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I wanted to create a dictionary of dictionaries in Python:

Suppose I already have a list which contains the keys:

keys = ['a', 'b', 'c', 'd', 'e']
value = [1, 2, 3, 4, 5]

Suppose I have a data field with numeric values (20 of them)

I want to define a dictionary which stores 4 different dictionaries with the given to a corresponding value

for i in range(0, 3)
   for j in range(0, 4)
     dictionary[i] = { 'keys[j]' : value[j] }

So basically, it should be like:

dictionary[0] = {'a' : 1, 'b' : 2, 'c' : 3, 'd': 4, 'e':5}
dictionary[1] = {'a' : 1, 'b' : 2, 'c' : 3, 'd': 4, 'e':5}
dictionary[2] = {'a' : 1, 'b' : 2, 'c' : 3, 'd': 4, 'e':5}
dictionary[3] = {'a' : 1, 'b' : 2, 'c' : 3, 'd': 4, 'e':5}

What is the best way to achieve this?

share|improve this question
    
Are you interested in dict.copy()? –  mg007 May 19 '13 at 17:23

3 Answers 3

Use a list comprehension and dict(zip(keys,value)) will return the dict for you.

>>> keys = ['a', 'b', 'c', 'd', 'e']
>>> value = [1, 2, 3, 4, 5]
>>> dictionary = [dict(zip(keys,value)) for _ in xrange(4)]
>>> from pprint import pprint
>>> pprint(dictionary)
[{'a': 1, 'b': 2, 'c': 3, 'd': 4, 'e': 5},
 {'a': 1, 'b': 2, 'c': 3, 'd': 4, 'e': 5},
 {'a': 1, 'b': 2, 'c': 3, 'd': 4, 'e': 5},
 {'a': 1, 'b': 2, 'c': 3, 'd': 4, 'e': 5}]

If you want a dict of dicts then use a dict comprehension:

>>> keys = ['a', 'b', 'c', 'd', 'e']
>>> value = [1, 2, 3, 4, 5]
>>> dictionary = {i: dict(zip(keys,value)) for i in xrange(4)}
>>> pprint(dictionary)
{0: {'a': 1, 'b': 2, 'c': 3, 'd': 4, 'e': 5},
 1: {'a': 1, 'b': 2, 'c': 3, 'd': 4, 'e': 5},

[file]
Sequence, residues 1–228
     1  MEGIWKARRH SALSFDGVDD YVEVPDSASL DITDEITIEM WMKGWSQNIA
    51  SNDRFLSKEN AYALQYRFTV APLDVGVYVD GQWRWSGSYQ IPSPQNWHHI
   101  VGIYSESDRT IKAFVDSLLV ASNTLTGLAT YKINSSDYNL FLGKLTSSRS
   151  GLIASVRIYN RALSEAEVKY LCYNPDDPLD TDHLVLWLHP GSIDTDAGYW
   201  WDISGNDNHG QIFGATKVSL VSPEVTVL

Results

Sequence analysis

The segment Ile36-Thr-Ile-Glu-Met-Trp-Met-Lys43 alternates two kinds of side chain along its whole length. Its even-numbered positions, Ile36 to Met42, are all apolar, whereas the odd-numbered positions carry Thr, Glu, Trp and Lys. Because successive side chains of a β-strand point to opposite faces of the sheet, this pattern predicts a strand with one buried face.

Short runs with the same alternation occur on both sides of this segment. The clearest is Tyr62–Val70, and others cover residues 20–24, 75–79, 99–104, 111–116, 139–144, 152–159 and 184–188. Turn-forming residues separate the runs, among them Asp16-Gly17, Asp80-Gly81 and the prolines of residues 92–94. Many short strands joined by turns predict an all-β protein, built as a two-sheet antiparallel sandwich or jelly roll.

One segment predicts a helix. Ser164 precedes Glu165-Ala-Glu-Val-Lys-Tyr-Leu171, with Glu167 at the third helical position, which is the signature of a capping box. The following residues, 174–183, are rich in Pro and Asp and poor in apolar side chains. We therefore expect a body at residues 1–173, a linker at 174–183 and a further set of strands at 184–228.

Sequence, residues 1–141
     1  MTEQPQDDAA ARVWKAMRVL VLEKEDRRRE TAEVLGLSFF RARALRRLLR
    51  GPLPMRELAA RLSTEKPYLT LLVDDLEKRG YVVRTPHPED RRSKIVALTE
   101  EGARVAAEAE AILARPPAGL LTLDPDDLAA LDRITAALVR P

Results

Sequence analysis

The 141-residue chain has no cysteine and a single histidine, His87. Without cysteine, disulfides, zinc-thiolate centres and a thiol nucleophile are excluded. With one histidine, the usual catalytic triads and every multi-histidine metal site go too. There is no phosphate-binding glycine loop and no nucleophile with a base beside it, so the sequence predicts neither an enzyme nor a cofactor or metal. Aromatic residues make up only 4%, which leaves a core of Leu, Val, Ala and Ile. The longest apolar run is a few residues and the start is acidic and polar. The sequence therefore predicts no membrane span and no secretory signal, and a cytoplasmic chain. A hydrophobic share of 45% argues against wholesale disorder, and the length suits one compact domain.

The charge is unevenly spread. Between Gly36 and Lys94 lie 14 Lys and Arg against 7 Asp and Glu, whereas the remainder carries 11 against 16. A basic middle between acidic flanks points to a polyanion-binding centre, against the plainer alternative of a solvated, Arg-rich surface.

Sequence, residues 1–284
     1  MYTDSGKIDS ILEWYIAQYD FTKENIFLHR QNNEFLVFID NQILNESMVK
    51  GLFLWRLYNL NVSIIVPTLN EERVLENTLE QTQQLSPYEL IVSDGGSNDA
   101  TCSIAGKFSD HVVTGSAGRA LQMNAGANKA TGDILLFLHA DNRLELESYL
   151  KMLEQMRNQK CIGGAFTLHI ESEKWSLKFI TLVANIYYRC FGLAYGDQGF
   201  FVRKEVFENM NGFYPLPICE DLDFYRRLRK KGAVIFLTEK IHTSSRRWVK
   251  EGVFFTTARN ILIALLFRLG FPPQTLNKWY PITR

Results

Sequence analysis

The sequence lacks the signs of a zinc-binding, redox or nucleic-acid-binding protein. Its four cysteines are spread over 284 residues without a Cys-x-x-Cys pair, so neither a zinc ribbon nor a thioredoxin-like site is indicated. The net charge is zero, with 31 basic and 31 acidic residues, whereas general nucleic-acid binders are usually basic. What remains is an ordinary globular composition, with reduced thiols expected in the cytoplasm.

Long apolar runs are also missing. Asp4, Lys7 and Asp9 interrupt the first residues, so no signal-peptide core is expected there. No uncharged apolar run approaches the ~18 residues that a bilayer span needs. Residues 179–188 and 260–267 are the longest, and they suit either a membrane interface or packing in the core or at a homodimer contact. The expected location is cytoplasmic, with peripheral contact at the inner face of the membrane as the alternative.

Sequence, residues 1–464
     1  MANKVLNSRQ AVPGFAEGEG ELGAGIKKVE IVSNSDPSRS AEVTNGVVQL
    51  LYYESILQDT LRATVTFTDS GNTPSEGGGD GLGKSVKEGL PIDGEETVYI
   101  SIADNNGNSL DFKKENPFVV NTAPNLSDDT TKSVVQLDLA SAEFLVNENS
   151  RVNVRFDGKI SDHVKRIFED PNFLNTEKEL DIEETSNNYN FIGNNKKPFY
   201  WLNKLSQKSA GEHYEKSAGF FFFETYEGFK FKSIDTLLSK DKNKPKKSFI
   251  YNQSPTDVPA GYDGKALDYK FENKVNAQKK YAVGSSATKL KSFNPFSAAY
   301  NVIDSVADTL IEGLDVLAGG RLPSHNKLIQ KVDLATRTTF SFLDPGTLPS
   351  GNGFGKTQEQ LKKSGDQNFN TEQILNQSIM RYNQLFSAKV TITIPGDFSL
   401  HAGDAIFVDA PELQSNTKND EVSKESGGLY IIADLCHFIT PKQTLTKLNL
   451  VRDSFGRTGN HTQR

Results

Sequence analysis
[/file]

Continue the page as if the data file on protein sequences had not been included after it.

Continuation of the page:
2: {'a': 1, 'b': 2, 'c': 3, 'd': 4, 'e': 5},
 3: {'a': 1, 'b': 2, 'c': 3, 'd': 4, 'e': 5}}
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An alternative that only zips once...:

from itertools import repeat
map(dict, repeat(zip(keys,values), 4))

Or, maybe, just use dict.copyand construct the dict once:

[d.copy() for d in repeat(dict(zip(keys, values)), 4)]
share|improve this answer

for a list of dictionaries:

dictionary = [dict(zip(keys,value)) for i in xrange(4)]

If you really wanted a dictionary of dictionaries like you said:

dictionary = dict((i,dict(zip(keys,value))) for i in xrange(4))

I suppose you could use pop or other dict calls which you could not from a list

BTW: if this is really a data/number crunching application, I'd suggest moving on to numpy and/or pandas as great modules.

Edit re: OP comments, if you want indicies for the type of data you are talking about:

# dict keys must be tuples and not lists
[(i,j) for i in xrange(4) for j in range(3)]
# same can come from itertools.product
from itertools import product
list(product(xrange4, xrange 3))
share|improve this answer
    
Can this still work with indexes like: dictionary = for i in xrange(4)): for j in range(0,3): dict((i,dict(zip(keys[j],value [j]))) –  dawg May 19 '13 at 17:54
    
Suppose, value was also defined as a double array => value[i][j], where each element is different in the matrix –  dawg May 19 '13 at 18:14

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